I tend to write in a contemporary, humorous, chick-lit style. One of my fans wrote that my writing was a combination of comedy, mystery, and borderline horror. I think that’s pretty accurate! You’ll be laughing while you’re looking over your shoulder. Another fan called me Janet Evanovich with a wand, which I found immensely flattering, since she’s one of my writing heroines.




Fiona: How did you come up with the title?

 Actually, I was on a writer’s forum, brainstorming titles and looking for better title ideas than I was coming up with. And one of the members, Mike Campbell, came up with the title. I will forever be grateful. Although I keep trying to change his last name. He’s been very patient with all the re-releases I had to do to get his name right in the acknowledgments.




Fiona: Is there a message in your novel that you want readers to grasp?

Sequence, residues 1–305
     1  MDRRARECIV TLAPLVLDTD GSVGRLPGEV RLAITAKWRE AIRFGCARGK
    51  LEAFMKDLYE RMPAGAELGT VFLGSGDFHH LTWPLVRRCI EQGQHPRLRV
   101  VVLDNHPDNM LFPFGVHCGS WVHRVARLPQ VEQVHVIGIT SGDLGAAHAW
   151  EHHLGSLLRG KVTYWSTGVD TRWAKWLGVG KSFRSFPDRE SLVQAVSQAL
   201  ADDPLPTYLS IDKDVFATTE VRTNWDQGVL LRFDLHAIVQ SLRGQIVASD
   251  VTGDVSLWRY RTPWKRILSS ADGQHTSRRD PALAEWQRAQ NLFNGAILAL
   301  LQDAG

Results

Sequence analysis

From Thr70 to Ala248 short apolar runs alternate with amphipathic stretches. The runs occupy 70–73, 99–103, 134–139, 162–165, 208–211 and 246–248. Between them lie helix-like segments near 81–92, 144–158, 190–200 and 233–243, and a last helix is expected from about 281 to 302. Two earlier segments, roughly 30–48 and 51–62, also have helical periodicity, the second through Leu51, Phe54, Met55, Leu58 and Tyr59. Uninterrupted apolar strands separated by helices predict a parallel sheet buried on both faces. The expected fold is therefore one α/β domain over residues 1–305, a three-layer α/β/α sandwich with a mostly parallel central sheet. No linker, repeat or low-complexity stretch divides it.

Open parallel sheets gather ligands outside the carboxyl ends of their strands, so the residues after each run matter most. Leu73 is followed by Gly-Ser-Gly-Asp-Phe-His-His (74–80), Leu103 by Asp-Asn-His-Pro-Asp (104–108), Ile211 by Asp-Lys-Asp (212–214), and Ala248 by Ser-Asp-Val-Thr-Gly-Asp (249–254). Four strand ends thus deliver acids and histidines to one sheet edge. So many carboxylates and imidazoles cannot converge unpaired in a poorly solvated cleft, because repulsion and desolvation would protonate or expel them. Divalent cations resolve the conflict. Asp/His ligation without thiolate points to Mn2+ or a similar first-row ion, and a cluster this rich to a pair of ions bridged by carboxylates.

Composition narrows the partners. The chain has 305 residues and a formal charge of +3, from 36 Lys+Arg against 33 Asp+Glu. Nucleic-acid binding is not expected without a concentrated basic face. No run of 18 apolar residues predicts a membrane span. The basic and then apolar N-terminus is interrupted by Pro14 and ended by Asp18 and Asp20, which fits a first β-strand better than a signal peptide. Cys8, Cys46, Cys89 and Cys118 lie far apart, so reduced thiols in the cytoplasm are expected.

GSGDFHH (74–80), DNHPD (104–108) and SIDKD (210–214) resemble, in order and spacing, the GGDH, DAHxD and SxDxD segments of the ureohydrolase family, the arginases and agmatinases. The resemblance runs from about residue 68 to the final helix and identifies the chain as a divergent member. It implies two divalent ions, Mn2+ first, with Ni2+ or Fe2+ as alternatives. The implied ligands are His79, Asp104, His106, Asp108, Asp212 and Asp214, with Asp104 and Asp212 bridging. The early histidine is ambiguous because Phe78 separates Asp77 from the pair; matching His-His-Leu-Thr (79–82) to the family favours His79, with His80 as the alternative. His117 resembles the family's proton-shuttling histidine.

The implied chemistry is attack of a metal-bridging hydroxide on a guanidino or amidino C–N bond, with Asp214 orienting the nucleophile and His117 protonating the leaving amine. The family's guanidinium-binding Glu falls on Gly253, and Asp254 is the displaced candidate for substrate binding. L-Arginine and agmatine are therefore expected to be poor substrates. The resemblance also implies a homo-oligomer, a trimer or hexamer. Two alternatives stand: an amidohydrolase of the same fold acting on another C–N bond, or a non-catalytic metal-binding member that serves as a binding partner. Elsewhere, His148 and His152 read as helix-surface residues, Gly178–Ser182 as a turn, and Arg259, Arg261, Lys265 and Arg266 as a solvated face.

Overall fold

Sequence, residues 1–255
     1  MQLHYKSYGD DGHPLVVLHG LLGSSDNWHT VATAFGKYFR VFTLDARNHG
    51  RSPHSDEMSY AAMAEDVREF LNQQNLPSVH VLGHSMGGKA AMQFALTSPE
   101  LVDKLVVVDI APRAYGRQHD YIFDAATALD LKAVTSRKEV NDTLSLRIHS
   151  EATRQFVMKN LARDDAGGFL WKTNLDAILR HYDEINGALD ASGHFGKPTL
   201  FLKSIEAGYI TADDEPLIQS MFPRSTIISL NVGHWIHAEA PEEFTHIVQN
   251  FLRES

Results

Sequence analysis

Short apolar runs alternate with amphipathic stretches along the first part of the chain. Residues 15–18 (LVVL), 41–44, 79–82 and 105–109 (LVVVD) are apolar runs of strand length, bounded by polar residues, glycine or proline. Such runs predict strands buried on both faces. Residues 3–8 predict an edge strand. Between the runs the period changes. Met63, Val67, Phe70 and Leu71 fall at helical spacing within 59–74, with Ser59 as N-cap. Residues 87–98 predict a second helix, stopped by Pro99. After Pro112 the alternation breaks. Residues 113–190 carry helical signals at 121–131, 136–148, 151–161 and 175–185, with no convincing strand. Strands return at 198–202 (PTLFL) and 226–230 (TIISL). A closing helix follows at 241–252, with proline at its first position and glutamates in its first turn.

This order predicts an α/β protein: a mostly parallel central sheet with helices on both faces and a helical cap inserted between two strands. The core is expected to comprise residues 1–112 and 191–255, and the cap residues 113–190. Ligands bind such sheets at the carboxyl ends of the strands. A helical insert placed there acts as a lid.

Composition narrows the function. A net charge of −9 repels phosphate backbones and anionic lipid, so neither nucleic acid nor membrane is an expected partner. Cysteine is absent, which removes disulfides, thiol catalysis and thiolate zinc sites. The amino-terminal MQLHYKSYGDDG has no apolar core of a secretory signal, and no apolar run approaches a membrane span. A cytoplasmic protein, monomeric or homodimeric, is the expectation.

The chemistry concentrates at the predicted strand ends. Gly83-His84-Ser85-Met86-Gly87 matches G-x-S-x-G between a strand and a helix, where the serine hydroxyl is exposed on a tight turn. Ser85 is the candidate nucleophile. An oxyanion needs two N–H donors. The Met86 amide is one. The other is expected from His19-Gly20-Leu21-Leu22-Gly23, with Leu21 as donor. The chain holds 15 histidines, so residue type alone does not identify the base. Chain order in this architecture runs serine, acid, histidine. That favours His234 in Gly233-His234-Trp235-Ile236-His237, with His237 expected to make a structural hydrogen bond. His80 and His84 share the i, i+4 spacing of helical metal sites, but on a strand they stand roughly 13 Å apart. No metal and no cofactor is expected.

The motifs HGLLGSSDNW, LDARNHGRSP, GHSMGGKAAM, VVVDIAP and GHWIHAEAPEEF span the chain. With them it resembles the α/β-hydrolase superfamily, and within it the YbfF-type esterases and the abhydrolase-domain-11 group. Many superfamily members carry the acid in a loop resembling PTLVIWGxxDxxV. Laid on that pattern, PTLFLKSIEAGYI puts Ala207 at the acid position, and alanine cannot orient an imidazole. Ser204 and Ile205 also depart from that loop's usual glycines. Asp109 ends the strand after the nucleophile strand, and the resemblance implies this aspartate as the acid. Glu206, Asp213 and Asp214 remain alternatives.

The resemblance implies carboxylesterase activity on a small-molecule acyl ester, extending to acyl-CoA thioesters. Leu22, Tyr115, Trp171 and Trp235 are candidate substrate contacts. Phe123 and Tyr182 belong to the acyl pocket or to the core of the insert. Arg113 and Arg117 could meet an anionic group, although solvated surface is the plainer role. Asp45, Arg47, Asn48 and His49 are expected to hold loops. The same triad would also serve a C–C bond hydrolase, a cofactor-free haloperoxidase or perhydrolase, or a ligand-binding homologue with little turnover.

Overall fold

Be careful what you wish for, because you may get it – and not in the way you want! Be proactive, but take responsibility for your actions and words. If you believe in magic, your life will be full of magic. If you don’t, it won’t be. You create your own reality. Use magic responsibly, so you don’t unleash a ball of consequences on everyone around you! LOL.




Fiona: How much of the book is realistic?

It depends what you mean by realistic. It’s urban fantasy, so it’s got more in common with magical realism than everyday realism. However, a LOT of research goes into all the Tillie books, to give them a firmer foundation. So, in terms of the esoteric lore contained within the books, it tends to be fairly accurate.




Fiona: Are experiences based on someone you know, or events in your own life?